Recycling was never just a solution to a disposal crisis, and it did not uniformly reduce total waste management costs. Rather, it addresses a range of other concerns which are equally valid but nearly impossible to quantify.
Wednesday is America Recycles Day. It’s a day that reveals the complex history of industry, consumer, and social attitudes towards the environment.
This review of a special issue of the Journal of Industrial Ecology titled, “Exploring the Circular Economy” is a virtual tour of circular economy definitions and current directions. The authors discuss and derive new definitions of “circularity.” They cover fundamental determinants of material lifespan, such as economic demand, thermodynamics, product design, and durability.
In an economic sense, it is usually municipal and state governments that account for the cost of damage waste causes to local environments when deciding how to deal with waste, but this cost is not already part of the price of goods or services that produce waste. Economists define this problem as a negative externality.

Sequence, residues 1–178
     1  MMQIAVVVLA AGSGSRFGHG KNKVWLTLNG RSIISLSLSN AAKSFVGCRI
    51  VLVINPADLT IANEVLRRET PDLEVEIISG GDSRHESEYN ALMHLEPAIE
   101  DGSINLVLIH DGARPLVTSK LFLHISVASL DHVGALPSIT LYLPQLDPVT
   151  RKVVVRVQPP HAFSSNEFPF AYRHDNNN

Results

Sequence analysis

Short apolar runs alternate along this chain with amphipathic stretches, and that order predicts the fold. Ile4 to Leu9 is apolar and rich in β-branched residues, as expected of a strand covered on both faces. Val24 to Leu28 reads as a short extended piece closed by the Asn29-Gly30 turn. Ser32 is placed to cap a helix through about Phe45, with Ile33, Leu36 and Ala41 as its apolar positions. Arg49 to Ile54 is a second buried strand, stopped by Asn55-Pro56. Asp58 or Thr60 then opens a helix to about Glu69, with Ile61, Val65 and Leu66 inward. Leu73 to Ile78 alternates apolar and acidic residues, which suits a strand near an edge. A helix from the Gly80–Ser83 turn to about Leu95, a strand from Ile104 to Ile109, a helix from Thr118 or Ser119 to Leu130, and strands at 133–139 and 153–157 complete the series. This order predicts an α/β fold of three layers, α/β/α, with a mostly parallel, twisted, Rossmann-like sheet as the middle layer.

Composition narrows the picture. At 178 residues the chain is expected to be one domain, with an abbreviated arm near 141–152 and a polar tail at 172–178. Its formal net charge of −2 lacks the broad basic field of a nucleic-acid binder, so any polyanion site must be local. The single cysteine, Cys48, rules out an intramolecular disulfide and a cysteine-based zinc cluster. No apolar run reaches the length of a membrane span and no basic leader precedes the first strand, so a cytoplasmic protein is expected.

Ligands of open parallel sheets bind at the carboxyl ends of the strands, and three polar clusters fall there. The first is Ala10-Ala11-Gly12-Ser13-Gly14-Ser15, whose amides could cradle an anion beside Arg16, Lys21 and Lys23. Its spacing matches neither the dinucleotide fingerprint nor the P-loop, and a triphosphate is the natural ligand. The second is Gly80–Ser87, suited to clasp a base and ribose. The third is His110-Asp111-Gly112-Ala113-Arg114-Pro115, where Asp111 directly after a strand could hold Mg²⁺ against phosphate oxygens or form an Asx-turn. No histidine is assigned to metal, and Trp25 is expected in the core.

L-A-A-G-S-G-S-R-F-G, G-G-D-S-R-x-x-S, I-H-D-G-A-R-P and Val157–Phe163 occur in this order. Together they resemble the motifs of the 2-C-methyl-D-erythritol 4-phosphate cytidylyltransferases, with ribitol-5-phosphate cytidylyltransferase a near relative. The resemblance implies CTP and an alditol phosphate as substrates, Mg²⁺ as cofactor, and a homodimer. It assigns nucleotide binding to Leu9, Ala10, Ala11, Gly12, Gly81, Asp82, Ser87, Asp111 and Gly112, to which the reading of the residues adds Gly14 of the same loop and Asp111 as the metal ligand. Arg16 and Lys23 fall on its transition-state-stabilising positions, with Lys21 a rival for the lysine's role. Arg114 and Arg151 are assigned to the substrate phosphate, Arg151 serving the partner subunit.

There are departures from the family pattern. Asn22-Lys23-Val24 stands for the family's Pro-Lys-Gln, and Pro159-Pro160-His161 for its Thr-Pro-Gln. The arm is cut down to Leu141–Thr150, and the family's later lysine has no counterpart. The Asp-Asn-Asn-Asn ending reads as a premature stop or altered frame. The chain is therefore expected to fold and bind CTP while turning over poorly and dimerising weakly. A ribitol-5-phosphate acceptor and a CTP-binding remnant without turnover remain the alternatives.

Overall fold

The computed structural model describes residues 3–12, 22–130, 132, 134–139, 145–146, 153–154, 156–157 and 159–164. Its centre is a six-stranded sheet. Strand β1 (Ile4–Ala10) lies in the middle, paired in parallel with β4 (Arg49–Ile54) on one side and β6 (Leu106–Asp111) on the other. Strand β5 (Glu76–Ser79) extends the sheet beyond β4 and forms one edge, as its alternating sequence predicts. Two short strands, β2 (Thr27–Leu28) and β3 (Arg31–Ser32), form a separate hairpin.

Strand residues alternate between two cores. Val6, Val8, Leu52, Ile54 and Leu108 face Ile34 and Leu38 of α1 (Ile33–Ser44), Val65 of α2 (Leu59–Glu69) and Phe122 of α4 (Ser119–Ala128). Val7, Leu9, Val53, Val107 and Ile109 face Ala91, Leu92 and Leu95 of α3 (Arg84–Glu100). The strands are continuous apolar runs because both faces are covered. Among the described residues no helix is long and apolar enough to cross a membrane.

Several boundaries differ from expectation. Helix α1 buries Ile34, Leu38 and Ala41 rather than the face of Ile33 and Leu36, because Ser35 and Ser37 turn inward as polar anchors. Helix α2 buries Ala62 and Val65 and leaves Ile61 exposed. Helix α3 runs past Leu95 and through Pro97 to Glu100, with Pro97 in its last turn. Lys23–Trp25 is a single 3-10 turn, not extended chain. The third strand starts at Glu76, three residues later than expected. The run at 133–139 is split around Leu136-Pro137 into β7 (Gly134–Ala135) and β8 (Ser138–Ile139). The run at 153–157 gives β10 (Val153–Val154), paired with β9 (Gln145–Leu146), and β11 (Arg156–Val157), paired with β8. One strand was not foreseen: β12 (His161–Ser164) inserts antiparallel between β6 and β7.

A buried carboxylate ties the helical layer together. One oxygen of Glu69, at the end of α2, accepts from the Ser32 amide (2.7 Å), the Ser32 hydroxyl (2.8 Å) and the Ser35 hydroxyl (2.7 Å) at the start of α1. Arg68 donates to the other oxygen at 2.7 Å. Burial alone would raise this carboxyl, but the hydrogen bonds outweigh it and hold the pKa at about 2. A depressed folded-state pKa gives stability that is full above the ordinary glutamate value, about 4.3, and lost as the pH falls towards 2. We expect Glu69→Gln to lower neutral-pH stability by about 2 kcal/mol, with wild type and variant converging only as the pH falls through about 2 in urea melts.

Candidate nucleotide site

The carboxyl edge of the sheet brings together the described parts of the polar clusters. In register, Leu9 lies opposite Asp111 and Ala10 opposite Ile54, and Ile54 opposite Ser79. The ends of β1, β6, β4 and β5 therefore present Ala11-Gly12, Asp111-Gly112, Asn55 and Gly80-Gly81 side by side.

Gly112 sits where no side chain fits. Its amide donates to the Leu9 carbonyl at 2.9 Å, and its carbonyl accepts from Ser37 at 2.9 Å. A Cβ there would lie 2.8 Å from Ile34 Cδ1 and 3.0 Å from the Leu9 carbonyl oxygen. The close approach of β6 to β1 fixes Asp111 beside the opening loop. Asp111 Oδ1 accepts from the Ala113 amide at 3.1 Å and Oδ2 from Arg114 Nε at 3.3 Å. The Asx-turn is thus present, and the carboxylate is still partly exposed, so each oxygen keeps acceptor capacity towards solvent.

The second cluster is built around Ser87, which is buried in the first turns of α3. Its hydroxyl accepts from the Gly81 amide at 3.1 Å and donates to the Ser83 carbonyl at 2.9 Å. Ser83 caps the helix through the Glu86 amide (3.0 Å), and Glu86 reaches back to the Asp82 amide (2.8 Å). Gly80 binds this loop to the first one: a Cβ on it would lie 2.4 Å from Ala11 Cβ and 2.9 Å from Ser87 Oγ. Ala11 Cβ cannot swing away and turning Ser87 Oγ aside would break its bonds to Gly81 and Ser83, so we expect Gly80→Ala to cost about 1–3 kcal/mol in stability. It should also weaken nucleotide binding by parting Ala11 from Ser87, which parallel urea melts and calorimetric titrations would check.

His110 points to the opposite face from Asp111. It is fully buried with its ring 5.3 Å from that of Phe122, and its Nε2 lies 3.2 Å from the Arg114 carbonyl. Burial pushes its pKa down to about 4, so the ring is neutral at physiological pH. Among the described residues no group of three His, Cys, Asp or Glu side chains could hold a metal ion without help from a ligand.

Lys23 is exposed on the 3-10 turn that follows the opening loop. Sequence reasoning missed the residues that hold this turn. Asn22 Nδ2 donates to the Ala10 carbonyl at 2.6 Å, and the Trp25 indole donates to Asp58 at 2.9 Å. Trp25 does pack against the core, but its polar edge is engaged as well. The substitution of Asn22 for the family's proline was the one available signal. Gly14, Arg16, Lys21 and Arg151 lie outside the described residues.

Over the past 100 years, visual artists probably deserve the most credit for thrift shopping’s place in the cultural milieu.
These are admirable initiatives, but they only reduce wastage or delay garments from ending up in landfill. They do not address the fact that the scale of fast fashion is so massive it can easily eclipse other sustainability initiatives.
Thinking with virtual data demonstrates that reduction of material waste alone does not mean a reduction of an overall environmental footprint on this planet.
Why is recycling low on the waste hierarchy?
Remember, this is not waste that was dumped directly by human hands. It was washed here on ocean currents, meaning that this is not just about one beach – it shows how much the pollution problem has grown in the entire ocean system in little more than two decades.
If I could only recommend one text in discard studies, it would be Recycling Reconsidered by Samantha MacBride (2011, MIT Press).